I will first explain the steps, and then explain why this method is not a tax event for both ACCUMULATING and OFFLOADING your Bitcoin. Bonus: you also don't pay spread fees, only the miner fees from the Bitcoin network itself. Obviously, you should optimize for being able to take a Bitcoin backed loan instead of selling which I will be happy to talk about in a different post. But if you need to do this to pay for some groceries or whatever, then this method can be great.
This is for American Bitcoin users only, I don't know how it works in other countries where Strike can be used.
Remember: Bitcoin is about improving your life, not hoarding it at the cost of no life improvements at all. As long as you save more than you spend, you should not feel guilty.
Offloading (Selling) - The more interesting part!
WTF just happened and why is this not a captial gains tax event??
This is the magic of Strike. If you use these methods instead of the "Buy/Sell Bitcoin" feature you are telling Strike "Hey, you convert this Bitcoin to dollars and send the funds out of your reserve". This is the same mechanic that allows for cross border payments.
If you do the same but using the Buy Bitcoin tab, you are converting the Bitcoin directly to fiat yourself, which is a tax event. In the outlined scenario, Strike does not care if the Bitcoin comes from your wallet, or Joe's wallet from Europe. Strike only cares that they received Bitcoin, and in exchange will send the recipient the equivalent value in fiat. This is how you can send a family member fiat that they can deposit into their bank immediately if all you have is Bitcoin.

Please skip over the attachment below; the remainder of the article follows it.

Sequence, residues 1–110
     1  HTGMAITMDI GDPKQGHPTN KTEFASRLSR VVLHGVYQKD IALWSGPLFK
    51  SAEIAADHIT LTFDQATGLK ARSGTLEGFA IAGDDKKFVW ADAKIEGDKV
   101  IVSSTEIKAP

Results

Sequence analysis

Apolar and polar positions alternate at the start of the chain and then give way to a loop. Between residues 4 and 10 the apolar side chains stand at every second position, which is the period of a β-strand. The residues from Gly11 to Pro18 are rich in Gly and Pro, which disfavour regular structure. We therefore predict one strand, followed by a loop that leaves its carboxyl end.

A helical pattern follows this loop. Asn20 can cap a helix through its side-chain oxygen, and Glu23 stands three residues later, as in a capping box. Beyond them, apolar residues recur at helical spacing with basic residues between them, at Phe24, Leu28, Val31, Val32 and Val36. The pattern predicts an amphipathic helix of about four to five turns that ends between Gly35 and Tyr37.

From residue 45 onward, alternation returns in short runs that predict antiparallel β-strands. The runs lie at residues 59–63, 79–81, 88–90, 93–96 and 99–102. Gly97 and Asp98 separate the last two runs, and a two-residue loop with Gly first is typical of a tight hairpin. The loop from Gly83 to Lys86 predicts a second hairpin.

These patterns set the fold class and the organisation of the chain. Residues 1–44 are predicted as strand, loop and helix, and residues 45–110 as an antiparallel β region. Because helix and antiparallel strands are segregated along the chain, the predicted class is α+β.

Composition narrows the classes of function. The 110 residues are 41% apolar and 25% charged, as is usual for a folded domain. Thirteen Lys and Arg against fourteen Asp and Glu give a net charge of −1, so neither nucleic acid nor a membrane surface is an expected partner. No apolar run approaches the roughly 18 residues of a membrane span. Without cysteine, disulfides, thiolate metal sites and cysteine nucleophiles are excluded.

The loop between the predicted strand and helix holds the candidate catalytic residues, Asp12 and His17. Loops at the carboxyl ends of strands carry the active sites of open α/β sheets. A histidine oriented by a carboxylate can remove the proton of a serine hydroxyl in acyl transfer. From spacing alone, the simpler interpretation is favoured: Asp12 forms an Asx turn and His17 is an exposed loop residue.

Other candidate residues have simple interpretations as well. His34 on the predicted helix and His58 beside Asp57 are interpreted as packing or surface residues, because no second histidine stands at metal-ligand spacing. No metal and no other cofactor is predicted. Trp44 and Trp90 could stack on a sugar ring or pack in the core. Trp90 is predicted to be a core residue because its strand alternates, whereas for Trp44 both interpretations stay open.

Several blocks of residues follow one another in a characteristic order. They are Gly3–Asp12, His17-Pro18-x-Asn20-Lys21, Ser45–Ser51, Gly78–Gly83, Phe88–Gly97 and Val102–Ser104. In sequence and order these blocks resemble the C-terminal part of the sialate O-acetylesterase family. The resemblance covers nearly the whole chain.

To enable this, Strike acts as a liquidity provider. I suspect they must hold both Bitcoin and fiat in their reserves to make this happen. I also suspect this is one of the challenges of being able to open in other markets like Europe.
I believe this feature is criminally underused, but is extremely powerful and is the best way to use Strike. As I said earlier, this also avoids Strike's very tiny spread fee. The only fee you pay is the fee Bitcoin's miner fees, which is my favorite thing about all of this, since I rarely sell my Bitcoin.
As I hinted at earlier, selling should be your last resort when you can. What you really want to be able to do is take loans (big or small) using Bitcoin as collateral. I have seen a lot of negative sentiment about this but would be happy to put something together that goes into the details of risk management and also addressing the whole "not your keys" thing that gets mindlessly tossed around when the subject comes up but for now I really got to take a shit.
Stay safe fellow retards and psychopaths. ✌